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How to find bugs in your code before your customers do
In addition to writing articles and presenting at conference sessions and training seminars (where most people may recognise me from), I'm also active as a developer and consultant. This often means writing code in a team, using other people's code, and making sure other people can use my code. I'm also sometimes asked to do a code review; examining someone else's code, giving feedback as to which portions should require attention when it comes to maintainability or potential future migration (to Linux, .NET, CF, you name it). Code Reviews are often a bit sensitive. There are some customisable guidelines, like indentation level, naming conventions (for components but also forms, units, classes, methods, fields, local variables, etc.) and as long as a team is consistent, there's no right or wrong (although sometimes one can believe to be more right than another - or less wrong). Another area of code reviews is the time consuming one, where you have to walk through the code and look for real issues like unreachable code, functions that don't always produce a result, etc. Some of these issues can be detected by making sure the Delphi compiler is allowed to produce all hints and warnings (the only warnings you may consider turning off are the unsafe type, code and typecast warnings, but only if you are 100% sure you will never want to migrate your code to the .NET Framework), but there are far more potential coding errors than the Delphi compiler can detect.
Why this long introduction, you may ask? Well, my life has just become a lot simpler with CodeHealer from SOCK Software. Note that CodeHealer has only recently been released (at Borland DevCon 2005). In fact, it's been in beta for over a year now, to ensure a perfected code analysis and verification tool as result (I reckon CodeHealer is used to report on itself as well).
Project Metrics and Project Analysis
CodeHealer can be used to examine Delphi source files. At this time only for Win32, but support for .NET is already in the works. You can get two kinds of reports from CodeHealer: Project Metrics and Project Analysis. The Project Metrics report lists information like the number of source files, applications, libraries, packages, units, source lines, significant comment lines (including a percentage of comment lines vs. code lines), and metrics regarding your classes, interfaces, objects, properties, different kinds of methods, branch points, keywords, literal values for hex integers, integers, reals and strings.
The Project Analysis examines the source code for specific rules, divided into Audits and Checks. Project Analysis Audits consist of rules that guard the code quality, while the checks contain rules that concern potential coding errors. Example of audits that are performed are the use of deprecated or experimental keywords and language constructs, platform dependent items, Delphi keywords or directives that are used as identifiers (for example a local variable called Str or Currency), and hidden identifiers (for example because they are redefined at a lower scope).
Project Analysis Checks contains rules to report any code that might contain errors like uninitialised or unused variables, array indexing errors, undefined function results (when not all branches return a result for example), if statements followed by empty code, and finally checks to report any unreachable code.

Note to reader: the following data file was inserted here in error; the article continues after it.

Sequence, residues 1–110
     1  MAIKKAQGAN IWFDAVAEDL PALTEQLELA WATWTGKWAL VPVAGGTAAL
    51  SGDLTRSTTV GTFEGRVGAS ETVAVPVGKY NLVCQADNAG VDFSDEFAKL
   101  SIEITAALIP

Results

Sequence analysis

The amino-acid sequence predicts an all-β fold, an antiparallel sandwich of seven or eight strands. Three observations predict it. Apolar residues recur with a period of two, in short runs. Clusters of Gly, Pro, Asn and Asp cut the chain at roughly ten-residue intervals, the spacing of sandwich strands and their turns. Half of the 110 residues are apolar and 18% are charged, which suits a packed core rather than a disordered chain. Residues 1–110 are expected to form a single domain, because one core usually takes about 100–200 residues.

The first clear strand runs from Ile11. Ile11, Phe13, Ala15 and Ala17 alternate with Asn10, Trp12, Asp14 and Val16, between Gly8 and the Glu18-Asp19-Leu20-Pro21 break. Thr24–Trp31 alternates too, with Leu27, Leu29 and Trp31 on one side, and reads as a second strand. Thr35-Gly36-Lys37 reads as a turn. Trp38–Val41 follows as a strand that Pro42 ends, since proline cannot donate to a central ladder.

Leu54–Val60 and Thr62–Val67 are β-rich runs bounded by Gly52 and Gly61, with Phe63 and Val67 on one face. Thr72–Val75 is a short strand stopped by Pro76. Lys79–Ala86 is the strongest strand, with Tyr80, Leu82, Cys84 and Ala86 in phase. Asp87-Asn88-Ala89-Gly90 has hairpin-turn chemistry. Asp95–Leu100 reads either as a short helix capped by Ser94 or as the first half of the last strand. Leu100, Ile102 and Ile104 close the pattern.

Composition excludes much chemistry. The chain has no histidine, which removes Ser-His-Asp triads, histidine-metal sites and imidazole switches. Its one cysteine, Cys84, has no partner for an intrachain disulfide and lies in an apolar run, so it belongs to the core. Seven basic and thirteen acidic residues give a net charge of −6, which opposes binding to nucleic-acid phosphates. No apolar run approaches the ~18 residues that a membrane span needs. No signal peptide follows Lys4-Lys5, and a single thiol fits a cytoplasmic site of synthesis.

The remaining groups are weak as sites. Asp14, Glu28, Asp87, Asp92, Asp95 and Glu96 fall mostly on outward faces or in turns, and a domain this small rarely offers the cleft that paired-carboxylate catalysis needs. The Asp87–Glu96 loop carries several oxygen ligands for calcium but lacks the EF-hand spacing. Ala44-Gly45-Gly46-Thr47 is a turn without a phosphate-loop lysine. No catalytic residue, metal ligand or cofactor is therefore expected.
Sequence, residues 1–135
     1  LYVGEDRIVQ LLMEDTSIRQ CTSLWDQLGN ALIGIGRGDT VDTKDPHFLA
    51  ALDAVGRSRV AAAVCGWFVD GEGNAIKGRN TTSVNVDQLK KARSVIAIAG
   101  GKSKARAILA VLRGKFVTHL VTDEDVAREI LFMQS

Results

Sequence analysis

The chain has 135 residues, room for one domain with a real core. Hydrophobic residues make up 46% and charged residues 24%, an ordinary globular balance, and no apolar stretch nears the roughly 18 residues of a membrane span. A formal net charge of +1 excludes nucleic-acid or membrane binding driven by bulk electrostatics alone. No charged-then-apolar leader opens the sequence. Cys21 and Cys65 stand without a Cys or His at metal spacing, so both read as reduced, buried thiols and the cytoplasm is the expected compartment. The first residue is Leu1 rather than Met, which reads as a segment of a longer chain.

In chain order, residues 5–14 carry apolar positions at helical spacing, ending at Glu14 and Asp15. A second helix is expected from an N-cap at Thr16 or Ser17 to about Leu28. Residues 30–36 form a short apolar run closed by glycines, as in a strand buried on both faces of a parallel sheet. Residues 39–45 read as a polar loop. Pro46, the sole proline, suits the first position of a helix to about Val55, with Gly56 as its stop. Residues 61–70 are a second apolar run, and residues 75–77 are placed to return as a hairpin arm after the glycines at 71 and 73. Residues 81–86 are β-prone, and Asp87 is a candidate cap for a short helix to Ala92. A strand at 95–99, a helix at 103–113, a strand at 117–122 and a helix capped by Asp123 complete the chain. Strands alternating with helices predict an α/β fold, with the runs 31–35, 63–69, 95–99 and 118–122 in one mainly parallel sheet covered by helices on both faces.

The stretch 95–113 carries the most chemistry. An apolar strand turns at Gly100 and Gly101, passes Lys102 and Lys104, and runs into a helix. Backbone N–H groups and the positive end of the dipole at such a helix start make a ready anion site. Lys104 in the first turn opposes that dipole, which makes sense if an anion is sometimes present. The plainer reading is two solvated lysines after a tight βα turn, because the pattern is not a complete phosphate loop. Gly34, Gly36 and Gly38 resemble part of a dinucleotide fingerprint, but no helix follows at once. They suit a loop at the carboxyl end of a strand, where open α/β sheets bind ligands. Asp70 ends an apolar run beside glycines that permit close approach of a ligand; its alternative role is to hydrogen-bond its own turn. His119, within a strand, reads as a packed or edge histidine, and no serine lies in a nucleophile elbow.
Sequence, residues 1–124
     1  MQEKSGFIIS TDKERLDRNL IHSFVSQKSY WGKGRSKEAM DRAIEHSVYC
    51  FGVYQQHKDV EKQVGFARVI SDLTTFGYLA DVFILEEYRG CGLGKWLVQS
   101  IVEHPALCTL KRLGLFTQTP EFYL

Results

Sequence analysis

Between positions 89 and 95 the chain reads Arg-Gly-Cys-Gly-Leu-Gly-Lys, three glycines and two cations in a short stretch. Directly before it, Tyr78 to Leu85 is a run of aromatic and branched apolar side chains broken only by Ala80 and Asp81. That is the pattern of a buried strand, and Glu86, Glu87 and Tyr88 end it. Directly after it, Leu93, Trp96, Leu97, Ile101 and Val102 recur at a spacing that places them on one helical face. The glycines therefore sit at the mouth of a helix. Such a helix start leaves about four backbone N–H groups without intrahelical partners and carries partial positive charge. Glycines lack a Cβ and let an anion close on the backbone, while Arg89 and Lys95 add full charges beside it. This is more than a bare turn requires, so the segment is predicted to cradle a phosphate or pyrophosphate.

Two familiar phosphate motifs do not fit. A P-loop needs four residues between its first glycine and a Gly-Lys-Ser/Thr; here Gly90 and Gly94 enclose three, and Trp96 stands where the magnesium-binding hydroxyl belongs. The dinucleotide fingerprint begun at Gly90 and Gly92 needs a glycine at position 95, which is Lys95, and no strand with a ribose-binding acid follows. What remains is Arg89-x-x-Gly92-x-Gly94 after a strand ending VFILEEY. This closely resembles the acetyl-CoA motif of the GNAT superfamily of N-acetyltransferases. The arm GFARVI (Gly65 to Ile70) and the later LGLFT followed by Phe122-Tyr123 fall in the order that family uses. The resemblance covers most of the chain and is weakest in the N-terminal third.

For each failed audit or check, you can see the rule that was violated, as well as the exact source line that violated the rule. This means that you can easily see what you've done wrong and where, and can fix it (so it won't show up next time).
There are some infrequent occasions where you might encounter a "false positive", i.e. a report of a failed check or audit when in fact you didn't fail it. These have happened to me twice (while CodeHealer was still in beta), and can be send as feedback to the CodeHealer team (who will then work hard to ensure these false positives don't reappear in updates). Speaking of updates: CodeHealer can be configured to automatically check for updates, so you can be assured that you'll always work with the latest checks and audits.
The use of CodeHealer may not be enough to replace a human code review, but it will give you a really good start. And even better: a CodeHealer analysis only takes a few seconds to produce a report that you can use to determine the overall quality of your code. At the end of the day, CodeHealer Project Metrics and Project Analysis reports can really help to improve the quality of your code, and increase the chance that you find potential bugs (and can fix them) before your customers find them. And I guess that may be the best benefit, so perhaps everybody should use CodeHealer to analyse and verify their projects.
CodeHealer 2.0 was officially released at the Borland Developer Conference 2005 in San Francisco.
Currently, it supports Delphi for Win32 only, although Delphi for .NET support is in the works (and is promised to become available as a future update).
I can highly recommend the use of CodeHealer as a Quality Assurance utility to increase the quality (or at least the awareness) of your Delphi code.
For more information and pricing information, see the SOCK Software website.
Latest News: CodeHealer version 2.1 was released at the end of March 2006. Check out the SOCK Software website for more information about what's new in version 2.1.